Deserted City: Grozny
Grozny again surprised me by the brightness of its evening lights. Like it cannot be sated by the ability to burn lights after that darkness in which it was dipped for several years after bombings and destruction. Yet the avenue is illuminated by lights, leading from the airport to the city. It is like the plane is descending to a place of great celebration.
After leaving the airport, I notice a new mosque, large and beautiful. “Here many mosques are built now,” the people who receive me say.
It is close from airport to the city and we reach the center quickly. There is the House of Press, the square of Peoples’ Friendship, and the Alley of journalists. There are many lights, but the people are almost not seen, although it became dark only recently and it is not late…
The next day, the Victory avenue which was renamed to Putin avenue two years ago, surprised me with its emptiness. It is not only the central street of Grozny, but it is its major artery which can be compared with Tverskaya street in Moscow. It is strange: it is the middle of a Sunday, but there are no people. It even seems to me that during my first visit to Grozny, when only the remains of molding of houses destroyed by bombings showed the past beauty of the streets, there were more people here. True, there were almost no cars at that time, and now there are many. Is Chechnya flourishing so that walkers do not remain and everyone has private transportation?
However, the picture of a deserted city doesn’t take well to jokes. The new multistory houses, not showing signs of life, make a rather spooky impression; there are neither flowers, nor blinds in their windows. It is obvious that nobody lives in these apartments.
I reach the church and see its new gilded cupolas. There is a decorated Christmas tree in the church. I meet the Russian woman who I know since the times when the temple was completely destroyed, and believers were gathering on a small premises near its ruins. At that time, a priest didn’t come here even on the holidays. But the decorated Christmas tree was standing in the same way.
The acquaintance tells me how the population census was taking place here. The overrated results were very required. Even she was asked for advice on how to collect more names.
“But where to take them from? Few people return and very many go away. There are so many problems here, people are protected by nothing. Three families went away from our house. Even I am thinking yet about moving to my relatives somewhere near Rostov.”
I am surprised. She outlived two wars here, didn’t go away from the bombings, but now, when the city is all lit up in the evenings, and the cupolas at the temple are gilded, she suddenly decides to move?
I came to Kadyrov (former Lenin) avenue, puzzled by the handful of skyscrapers at Sunzha bank, one of which is almost built and shines by new toned window glasses. It is Grozny’s new pride, being constructed in the city-center. People tell me that that skyscraper, which is just growing up, is planned to have 45 floors. I pass by a giant construction site and reach Sunzha bank. And it is like something overturns in me: I don’t recognize the river. There were many weeping willows; all the banks were filled with trees. Now there is not one tree here, all are cut down by their roots; the bank from the side of the skyscraper being constructed is dug and mutilated. Over the avenue, behind a fence, I also see the dug space and many stacked cut trees.
I catch myself in the thought that Sunzha, with the bridge destroyed by a bombing looked not as sinister as it does now. Or they want to enclose it into granite and to make an embankment? I try to imagine the narrow quick-water Sunzha in the granite…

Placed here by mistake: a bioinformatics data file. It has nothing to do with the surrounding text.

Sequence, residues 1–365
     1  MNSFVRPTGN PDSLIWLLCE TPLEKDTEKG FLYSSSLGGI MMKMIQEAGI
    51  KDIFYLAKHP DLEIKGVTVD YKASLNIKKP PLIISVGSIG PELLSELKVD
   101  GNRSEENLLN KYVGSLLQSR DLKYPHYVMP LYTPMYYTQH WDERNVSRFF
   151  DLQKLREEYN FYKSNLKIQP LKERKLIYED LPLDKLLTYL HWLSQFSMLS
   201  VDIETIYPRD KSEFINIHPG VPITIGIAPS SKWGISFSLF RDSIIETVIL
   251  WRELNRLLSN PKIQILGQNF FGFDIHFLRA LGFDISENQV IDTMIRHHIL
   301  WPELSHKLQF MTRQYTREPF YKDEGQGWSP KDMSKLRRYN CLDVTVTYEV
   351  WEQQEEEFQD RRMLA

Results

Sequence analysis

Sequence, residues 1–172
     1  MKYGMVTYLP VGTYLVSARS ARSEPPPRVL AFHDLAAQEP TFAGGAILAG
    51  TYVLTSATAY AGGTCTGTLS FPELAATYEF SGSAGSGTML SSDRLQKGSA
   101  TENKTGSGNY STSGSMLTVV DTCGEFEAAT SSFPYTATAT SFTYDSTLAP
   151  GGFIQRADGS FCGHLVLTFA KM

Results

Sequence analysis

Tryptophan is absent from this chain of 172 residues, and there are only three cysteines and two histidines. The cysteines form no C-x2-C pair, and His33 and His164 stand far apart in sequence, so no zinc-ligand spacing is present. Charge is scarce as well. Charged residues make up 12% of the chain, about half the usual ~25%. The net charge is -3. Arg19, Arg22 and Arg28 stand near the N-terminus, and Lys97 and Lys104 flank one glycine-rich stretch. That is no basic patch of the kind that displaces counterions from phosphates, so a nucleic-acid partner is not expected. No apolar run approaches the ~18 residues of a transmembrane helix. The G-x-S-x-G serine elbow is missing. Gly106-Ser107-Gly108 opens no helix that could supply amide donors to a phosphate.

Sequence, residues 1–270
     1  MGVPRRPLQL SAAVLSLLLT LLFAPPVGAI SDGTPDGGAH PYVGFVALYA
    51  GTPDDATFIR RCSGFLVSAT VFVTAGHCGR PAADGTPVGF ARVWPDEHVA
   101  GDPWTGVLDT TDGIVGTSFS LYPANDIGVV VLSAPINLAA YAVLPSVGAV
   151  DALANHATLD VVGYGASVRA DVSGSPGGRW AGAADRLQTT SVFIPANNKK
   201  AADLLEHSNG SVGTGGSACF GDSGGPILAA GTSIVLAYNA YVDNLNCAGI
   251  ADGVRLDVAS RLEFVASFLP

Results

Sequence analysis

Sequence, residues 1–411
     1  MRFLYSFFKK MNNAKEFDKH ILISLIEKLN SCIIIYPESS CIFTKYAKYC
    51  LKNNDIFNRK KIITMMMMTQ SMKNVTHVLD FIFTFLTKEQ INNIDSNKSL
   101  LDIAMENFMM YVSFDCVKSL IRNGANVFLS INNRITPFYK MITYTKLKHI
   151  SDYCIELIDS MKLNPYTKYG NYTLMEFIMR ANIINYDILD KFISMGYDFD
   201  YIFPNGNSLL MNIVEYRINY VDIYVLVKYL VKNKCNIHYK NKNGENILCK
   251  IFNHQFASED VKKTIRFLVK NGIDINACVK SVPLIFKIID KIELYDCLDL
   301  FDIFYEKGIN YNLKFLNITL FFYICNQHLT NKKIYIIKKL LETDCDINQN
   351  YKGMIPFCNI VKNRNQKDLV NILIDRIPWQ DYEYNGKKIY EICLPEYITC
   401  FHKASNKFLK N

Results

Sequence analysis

And there is the central mosque, large and beautiful. But… how it is lost and faded in the shadow of this skyscraper! The authorities of Chechnya were so proud of this mosque. Don’t they see how its beauty is faded by this architectural dissonance?
But there is not architectural inspectorate and ecologists here. It is doubtful here whether somebody will dare to say shyly, that is would be possible to find another place for skyscrapers, if is so necessary to build them in Grozny…
Such things are not interesting for people. There are too many other problems.
There in not snow in Grozny, but here, to the square in front of the mosque, it was delivered. Either genuine or artificial: it even didn’t thaw under the positive temperature. There is a big artificial Christmas tree, it is being disassembled yet, and bulldozers rake up and remove artificial snowdrifts. I tread upon snow. It is very like real one. But how many money was spent to bring it from far away to such a large square. The republic is so rich?
The façade of five-storey house, new, but scarcely dwelling, looks to the square. The motto “Ramzan, thank you for Grozny!” stands conspicuously above the windows of the last floor. There are two big portraits over the avenue: Kadyrov and Medvedev. I don’t remember such a style just from Brezhnev times. But here the personality cult is in the flowering. However, there are rumors that Ramzan ordered to remove his portraits from streets. But, apparently, they aren’t afraid to ignore such an order of the “chief”: it is seen periodically at squares and crossroads either Kadyrov with Medvedev in their full stature, or with Putin.
It is dusty and empty in the city. But there are people at the bus stops near former market. Some time it was the most brisk place in Grozny. It was here, were in 1999 the missile, which took hundreds of lives, exploded. Now there is not market here, there is the net of nodal bus stops only.
I catch a regular bus and go in the direction of Minutka (a square in Grozny). There is the same view from the bus window; new houses, but very few people.
The areas with private houses are rebuilt, too. One rarely can see a destroyed house – but five years ago these areas consisted of destroyed houses only. If you enter a house, you see the traces of refurbishment everywhere. However, people complain that they did it all themselves and with their own money. But it was promised to them that all would be rebuilt on government money.
Women complain of unemployment and scanty salaries, a large part of which is deducted to some fund. They complain of the non-payment of compensation, the low level of medicine, and the fact that missing people are not found. They also complain about the fact that guys are still being seized and tortured.